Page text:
CoFI is not the silver bullet to keep banks and insurance companies acting responsibly. More competition is. The biggest obstacle to more competition is regulation. The primary cost of a restriction on competition is that it reduces the incentives for businesses to act in ways that benefit consumers. Regulations that impose compliance costs on businesses can prevent businesses from taking up opportunities, reducing competition in the market.

On 7 February 2024 at 4:27 pm JPHale said:
I’m not surprised, this is what is expected with elections, lots of promises and once in the hot seat they change their tune.

Also most detractors of CoFI have a direct vested interest in providers not being accountable.

Principals based legislation is sound for advisers, why is it not sound for providers?

We don’t have any legislation in this space for providers, meaning that between getting their life insurance license and the FMCA there’s nothing stopping them doing things that are not client centric and aligned with the principals approach of FSLAA.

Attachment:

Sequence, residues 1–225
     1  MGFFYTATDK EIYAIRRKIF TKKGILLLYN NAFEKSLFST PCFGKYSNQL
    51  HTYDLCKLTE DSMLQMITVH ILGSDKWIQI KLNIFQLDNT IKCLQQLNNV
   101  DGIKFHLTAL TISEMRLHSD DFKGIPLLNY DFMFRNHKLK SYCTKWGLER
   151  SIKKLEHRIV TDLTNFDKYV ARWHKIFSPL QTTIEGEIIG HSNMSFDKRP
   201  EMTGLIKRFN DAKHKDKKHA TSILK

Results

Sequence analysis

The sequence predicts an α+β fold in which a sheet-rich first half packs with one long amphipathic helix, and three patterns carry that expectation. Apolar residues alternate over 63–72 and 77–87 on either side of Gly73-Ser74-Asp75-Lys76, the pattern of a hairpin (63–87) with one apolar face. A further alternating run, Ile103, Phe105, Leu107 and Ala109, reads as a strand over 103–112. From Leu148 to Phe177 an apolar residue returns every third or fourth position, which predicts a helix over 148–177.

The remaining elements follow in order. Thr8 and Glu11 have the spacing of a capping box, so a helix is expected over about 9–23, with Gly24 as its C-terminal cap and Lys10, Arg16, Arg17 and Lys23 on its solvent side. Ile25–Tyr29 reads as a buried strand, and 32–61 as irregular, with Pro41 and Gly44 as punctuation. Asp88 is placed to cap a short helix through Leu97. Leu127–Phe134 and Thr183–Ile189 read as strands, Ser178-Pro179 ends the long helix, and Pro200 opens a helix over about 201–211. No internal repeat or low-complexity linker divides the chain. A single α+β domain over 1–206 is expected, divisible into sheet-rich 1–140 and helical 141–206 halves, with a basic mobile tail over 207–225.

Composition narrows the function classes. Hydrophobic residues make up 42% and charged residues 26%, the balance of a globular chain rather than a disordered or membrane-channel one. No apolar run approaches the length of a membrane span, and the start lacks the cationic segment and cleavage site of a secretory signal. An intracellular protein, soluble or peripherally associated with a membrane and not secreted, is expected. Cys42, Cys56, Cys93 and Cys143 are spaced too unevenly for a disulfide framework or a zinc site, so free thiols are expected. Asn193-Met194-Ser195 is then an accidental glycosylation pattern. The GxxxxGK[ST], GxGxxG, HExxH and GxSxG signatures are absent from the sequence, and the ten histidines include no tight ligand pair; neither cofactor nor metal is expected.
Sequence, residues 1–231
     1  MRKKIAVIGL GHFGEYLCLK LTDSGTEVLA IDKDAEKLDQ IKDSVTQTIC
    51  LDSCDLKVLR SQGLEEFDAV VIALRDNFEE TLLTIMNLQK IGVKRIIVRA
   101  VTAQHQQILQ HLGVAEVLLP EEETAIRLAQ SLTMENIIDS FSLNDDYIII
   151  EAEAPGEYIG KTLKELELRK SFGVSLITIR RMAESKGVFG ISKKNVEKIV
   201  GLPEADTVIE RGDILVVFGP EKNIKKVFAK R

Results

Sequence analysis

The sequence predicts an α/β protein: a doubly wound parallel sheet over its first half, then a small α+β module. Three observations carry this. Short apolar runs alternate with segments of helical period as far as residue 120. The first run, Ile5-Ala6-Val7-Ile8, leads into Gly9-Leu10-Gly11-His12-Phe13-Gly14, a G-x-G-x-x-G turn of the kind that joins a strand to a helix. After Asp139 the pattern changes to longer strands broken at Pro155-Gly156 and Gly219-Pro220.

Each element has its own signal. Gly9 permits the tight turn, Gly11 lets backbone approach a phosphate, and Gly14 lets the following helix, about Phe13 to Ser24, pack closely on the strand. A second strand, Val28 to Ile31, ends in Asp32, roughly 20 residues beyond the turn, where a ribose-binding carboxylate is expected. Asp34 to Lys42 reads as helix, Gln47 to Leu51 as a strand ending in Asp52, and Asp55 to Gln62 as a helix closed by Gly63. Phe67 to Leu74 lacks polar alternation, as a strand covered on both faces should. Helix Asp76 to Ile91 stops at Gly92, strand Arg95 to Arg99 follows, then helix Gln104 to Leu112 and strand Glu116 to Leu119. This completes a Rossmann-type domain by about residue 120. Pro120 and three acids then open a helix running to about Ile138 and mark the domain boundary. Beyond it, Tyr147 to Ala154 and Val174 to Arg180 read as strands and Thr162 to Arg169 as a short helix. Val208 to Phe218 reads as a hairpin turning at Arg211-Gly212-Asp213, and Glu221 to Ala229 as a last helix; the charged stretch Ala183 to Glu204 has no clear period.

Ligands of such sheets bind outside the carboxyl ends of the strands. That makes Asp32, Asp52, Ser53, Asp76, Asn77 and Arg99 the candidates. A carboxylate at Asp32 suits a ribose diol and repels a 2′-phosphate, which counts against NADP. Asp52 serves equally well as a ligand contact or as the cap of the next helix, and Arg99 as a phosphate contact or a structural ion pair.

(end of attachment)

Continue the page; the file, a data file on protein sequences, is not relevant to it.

Sure competition can help, as Amused points out, but that doesn’t help life and medical clients stuck with providers working against them.

Granted most of the need for CoFI sits with the life and medical insurance markets, because they are markets that have long term contract requirements that more often get worse not better for the client moving providers.

All other financial products typically have much shorter term options and choices available that are more easily accessed. Thus competition can have a significant impact on driving provider activities in these areas.